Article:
U076 Key skill assessment unit: Problem solving

8 Part B: Evidencing your problem-solving skills

This Part requires you to present an example of your work to show that you can explore a problem and follow it through to completion. For example, setting up a project to monitor landfill and associated pollution levels; or developing and implementing a work rota for a care unit to cover 24 hours, 7 days per week with on-call facilities.

The example you select to evidence your skills in problem solving must meet the criteria in Table 1 and the results should be presented in an appropriate format (e.g. written report, visual display or video clip). You need to make sure that it illustrates the problem-solving process and gives the results with evidence to support the conclusions.

In choosing work for your portfolio it is your responsibility to be selective. If at all possible choose just one or two pieces of work. Each item you include must be annotated clearly to show how it is relevant to the criteria in Table 1. You may find that you do not need to include all your assignments, notes or a complete project report. Including material that is not relevant, or which is not closely related to the assessment criteria, will not strengthen the assessment of your skills. Remember that you are not being assessed on technical content but on the relevance of your evidence to the assessment criteria.

Table 1: Criteria for assessment of your problem-solving skills portfolio and a checklist to help you assess your work against the criteria

Criteria for assessment: evidence you present must show you can: Checklist: check that your evidence shows what you have done to:
 
Develop a strategy for problem solving.
 
Identify opportunities for problem solving and clearly establish what you hope to achieve. Describe the context in which you are working and identify where you can use problem-solving skills.
  Present 1 or 2 goals with an explanation of why these are important to you.
Explore problems to identify their critical features and devise different ways of teckling them. Using your example, provide notes to show what you did to explore the problem. For example, reframe the problem, divide it into sub-tasks, eliminate misleading information, make comparisons with similar situations. Label or include notes to show that you know what to do to ‘explore a problem’.
Identify relevant sources and research the information needed for planning purposes. Give the critical features of the problem that you have identified and provide notes/reference lists, etc., to show what you did to establish these features. For example, include notes/references of information you have obtained from people, including specialists, and reference material you have used. Remember to include reference material you used to find out about problem-solving methods.
Negotiate with appropiate people the approach to use and plan how you will implement this. Include a plan that you have used for the next stage of the work (e.g. a plan that includes a flowchart or critical-path analysis) and a statement describing the factors taken into account when planning.
  Remember to keep notes/records of any revisions to the plan and the reasons for them.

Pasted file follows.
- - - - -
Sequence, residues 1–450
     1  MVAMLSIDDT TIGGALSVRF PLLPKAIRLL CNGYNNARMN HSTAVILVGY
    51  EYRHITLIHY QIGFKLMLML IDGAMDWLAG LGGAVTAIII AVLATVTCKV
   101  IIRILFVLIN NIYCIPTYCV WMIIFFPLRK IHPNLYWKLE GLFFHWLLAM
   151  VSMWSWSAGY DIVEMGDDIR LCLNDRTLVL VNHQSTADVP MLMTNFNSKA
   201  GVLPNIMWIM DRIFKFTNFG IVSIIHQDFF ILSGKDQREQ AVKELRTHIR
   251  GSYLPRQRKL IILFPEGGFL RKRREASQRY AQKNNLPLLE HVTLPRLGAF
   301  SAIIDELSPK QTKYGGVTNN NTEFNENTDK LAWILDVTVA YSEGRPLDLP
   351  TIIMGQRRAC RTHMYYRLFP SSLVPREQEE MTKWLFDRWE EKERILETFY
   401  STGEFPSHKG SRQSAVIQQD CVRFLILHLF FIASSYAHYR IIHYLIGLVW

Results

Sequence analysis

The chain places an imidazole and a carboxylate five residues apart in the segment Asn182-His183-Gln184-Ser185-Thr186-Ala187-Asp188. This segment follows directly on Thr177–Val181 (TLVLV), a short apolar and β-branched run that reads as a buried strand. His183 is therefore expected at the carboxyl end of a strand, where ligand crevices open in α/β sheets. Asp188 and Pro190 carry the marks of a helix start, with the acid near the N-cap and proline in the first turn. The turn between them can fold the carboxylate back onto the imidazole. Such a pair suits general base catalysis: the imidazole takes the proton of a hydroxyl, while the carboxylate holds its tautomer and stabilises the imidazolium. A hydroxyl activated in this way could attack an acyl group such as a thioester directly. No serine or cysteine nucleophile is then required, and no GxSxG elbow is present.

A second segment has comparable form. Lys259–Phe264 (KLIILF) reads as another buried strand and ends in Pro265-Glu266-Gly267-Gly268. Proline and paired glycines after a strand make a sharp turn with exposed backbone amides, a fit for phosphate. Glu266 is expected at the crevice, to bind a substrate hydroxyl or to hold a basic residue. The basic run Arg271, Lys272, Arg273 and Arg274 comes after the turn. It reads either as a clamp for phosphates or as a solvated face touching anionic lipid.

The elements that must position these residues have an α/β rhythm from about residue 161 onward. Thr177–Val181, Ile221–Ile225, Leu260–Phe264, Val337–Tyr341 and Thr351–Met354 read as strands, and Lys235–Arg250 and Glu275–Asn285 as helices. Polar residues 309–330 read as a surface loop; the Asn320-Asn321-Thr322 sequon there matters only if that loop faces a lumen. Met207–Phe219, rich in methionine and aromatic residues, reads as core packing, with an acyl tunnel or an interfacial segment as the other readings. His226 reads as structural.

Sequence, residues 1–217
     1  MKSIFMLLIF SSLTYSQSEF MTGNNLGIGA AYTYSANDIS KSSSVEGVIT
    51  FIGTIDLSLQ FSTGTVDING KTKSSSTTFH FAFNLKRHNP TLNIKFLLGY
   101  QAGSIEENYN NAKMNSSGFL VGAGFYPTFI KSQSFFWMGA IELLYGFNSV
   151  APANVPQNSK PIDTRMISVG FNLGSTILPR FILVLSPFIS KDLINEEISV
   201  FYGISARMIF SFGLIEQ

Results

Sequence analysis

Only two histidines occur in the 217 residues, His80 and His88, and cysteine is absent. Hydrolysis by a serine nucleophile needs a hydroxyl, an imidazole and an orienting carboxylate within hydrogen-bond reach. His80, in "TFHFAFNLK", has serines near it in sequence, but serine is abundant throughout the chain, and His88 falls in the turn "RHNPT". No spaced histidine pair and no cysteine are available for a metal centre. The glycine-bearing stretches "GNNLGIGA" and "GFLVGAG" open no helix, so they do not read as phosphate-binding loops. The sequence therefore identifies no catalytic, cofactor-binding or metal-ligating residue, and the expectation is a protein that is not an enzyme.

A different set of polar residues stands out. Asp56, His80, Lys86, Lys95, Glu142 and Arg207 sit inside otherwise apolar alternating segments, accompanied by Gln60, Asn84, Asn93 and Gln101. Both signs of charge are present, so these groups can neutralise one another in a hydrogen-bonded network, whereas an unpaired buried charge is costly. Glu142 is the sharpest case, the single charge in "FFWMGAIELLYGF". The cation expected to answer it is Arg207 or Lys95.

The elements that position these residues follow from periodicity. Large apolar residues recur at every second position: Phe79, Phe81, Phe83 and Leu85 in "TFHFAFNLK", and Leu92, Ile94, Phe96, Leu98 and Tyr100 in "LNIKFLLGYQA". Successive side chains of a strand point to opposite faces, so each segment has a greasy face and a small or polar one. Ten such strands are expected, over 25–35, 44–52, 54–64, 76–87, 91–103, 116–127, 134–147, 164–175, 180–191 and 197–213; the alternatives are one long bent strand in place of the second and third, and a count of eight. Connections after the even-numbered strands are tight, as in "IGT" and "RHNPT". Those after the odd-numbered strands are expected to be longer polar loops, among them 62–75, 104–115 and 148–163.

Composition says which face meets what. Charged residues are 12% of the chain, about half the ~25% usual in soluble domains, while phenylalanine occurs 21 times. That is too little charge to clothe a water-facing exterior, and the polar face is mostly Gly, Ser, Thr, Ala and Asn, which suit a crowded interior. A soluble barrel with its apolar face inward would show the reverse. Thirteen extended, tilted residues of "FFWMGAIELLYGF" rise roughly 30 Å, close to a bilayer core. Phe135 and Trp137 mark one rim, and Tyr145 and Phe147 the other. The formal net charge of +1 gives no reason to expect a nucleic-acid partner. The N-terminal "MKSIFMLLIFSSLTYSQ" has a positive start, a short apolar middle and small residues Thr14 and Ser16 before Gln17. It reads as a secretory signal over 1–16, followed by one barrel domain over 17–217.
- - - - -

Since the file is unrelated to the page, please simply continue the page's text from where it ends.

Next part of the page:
Part of the planning process involves you considering ways to solve the problem. You need to show two aspects here. First, that you know and can use a range of problem-solving methods, e.g. working with others (collaborative); numerical (application of number); and visual. Second, that you can assess the usefulness of different methods in tackling the particular problem and context, e.g. by ranking methods against the main features of the problem, or doing a risk assessment.
 
Monitor progress and adapt your strategy for solving the problem.
 
Manage effectively and efficiently the problem solving process, using appropriate methods. Continue the work you did as part of your strategic planning to show the option selected to tackle the problem and what you did to make the final decision. For example, you may have carried out a cost/benefit analysis or negotiated the option with a tutor/manager.
  Use your plan to help show you can keep track of your work.
Keep track of progress and systematically check results. Use interim checks and adjustments to see if targets/sub goals are being met and if your methods are helping you approach your goal.
Reflect critically on your approach to tackling the problem and adapt your strategy as necessary to improve your problem-solving skills. Describe any changes you had to make in your plan along the way.
  Review your progress by ‘standing back’ at critical points to assess the work and reflect on performance.
 
Evaluate your strategy and present the outcomes of your problem solving skills.
 
Bring together and clearly present the results of your approach to problem solving, including evidence to support your conclusions. Present your work as a written report, visual display, demonstration, video clip, etc.
Assess the effectiveness of your strategy, including factors that affected the outcomes, and identify ways of further improving your problem solving skills. Make an assessment of the quality of the work you have done using problem-solving skills by making connections between criteria/feedback comments and your own judgement of your performance.
Agree with appropriate people the extent to which the problem has been solved. Identify those factors that affected the overall quality of your work.
  Using this work identify progress so far and areas you want to work on in the future.